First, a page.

In a new podcast Dr Cressida Bowyer, Dr Erika Hughes and Teresiah Wambui Warui from the University of Portsmouth Revolution Plastics team explain why they went to COP26 with a lifesize plastic monster
In a new podcast Dr Cressida Bowyer, Dr Erika Hughes and Teresiah Wambui Warui from the University of Portsmouth Revolution Plastics team explain why they went to COP26 with a lifesize plastic monster.
The team were in the Green Zone exhibition area on Friday 5 November. They were there to demonstrate how high levels of community engagement and participation are being achieved with low cost-creative methods in some of the world’s most plastic polluted areas. These creative methods include a stunning life sized ‘Total Trash Talisman’; as well as music videos, films, interactive theatre and social media campaigns.
Plastic is known to be a major contributor to climate change at every stage of its lifecyle, from the emission of greenhouse gases during its manufacture to the subsequent pollution from the burning of plastic waste. There’s also the major impact of discarded plastic on ecosystems that are already struggling to deal with rising temperatures.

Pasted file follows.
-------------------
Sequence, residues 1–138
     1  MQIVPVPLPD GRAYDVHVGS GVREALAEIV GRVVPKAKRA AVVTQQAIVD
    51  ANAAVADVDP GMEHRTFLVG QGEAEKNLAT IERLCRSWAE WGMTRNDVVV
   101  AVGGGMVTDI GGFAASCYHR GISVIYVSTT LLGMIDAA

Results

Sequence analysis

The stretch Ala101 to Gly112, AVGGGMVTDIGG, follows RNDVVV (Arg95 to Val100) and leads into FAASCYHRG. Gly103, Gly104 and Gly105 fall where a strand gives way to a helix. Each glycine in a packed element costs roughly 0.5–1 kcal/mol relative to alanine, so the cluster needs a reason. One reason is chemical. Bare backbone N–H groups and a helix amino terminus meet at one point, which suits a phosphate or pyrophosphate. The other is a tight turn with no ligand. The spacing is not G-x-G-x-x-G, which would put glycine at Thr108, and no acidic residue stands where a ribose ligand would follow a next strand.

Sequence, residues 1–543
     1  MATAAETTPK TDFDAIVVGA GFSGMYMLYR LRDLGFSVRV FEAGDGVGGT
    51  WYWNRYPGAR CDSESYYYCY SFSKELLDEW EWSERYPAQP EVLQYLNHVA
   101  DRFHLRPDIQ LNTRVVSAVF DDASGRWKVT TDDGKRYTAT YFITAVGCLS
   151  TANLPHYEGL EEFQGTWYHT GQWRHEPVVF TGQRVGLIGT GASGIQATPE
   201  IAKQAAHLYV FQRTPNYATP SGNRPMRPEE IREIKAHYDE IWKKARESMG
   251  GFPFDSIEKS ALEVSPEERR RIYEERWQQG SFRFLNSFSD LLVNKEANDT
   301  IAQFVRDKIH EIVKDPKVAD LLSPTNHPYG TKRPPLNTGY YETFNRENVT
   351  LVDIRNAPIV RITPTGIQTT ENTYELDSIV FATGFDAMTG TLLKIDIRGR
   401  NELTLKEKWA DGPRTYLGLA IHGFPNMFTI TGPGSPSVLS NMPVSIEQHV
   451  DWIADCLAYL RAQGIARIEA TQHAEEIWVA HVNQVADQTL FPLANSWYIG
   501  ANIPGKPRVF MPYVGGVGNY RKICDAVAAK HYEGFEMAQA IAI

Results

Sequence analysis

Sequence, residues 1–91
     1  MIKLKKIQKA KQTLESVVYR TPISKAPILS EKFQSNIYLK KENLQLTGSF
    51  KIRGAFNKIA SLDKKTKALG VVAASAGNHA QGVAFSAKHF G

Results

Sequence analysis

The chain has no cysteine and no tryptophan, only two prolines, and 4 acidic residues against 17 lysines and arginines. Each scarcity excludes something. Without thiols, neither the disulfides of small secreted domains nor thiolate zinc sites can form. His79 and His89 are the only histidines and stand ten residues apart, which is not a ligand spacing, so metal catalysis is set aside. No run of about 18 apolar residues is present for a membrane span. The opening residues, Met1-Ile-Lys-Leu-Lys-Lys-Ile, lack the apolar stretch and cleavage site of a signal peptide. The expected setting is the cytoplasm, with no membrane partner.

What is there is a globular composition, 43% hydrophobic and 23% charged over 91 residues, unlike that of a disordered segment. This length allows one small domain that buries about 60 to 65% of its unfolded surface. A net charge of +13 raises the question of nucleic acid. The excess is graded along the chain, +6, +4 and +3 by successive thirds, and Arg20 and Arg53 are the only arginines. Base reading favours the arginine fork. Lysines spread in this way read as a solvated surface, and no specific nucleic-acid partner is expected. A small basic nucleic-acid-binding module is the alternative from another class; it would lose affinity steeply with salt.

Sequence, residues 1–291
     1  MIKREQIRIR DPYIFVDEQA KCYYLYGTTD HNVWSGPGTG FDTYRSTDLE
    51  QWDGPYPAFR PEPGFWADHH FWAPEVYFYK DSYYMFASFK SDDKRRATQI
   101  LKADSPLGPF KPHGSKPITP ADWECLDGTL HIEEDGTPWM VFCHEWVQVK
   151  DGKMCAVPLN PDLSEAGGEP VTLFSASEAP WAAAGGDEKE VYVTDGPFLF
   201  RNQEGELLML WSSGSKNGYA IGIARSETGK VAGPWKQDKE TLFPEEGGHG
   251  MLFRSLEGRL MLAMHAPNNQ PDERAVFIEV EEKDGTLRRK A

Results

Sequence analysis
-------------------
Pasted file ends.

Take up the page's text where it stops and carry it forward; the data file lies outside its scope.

Cities in the Global South are disproportionately impacted by plastic pollution. Countries that are most vulnerable to the effects of climate change also have the most plastic pollution due to limited waste disposal infrastructures and inadequate management of plastic waste. This is exacerbated by the import of waste from high income countries.
With this in mind, the University of Portsmouth launched its “Sustainable Transitions to End Plastic Pollution” (STEPP) project, which identified opportunities to tackle the problem of urban plastic pollution.
Community workers from the Mukuru Youth Initiative also made a virtual appearance on the stand in Glasgow. They also demonstrated how creative campaigns are being used to reduce the amount of plastic waste in a community that has become overwhelmed by plastic pollution, and created a plastic monster of their own to duplicate the activities in their own community.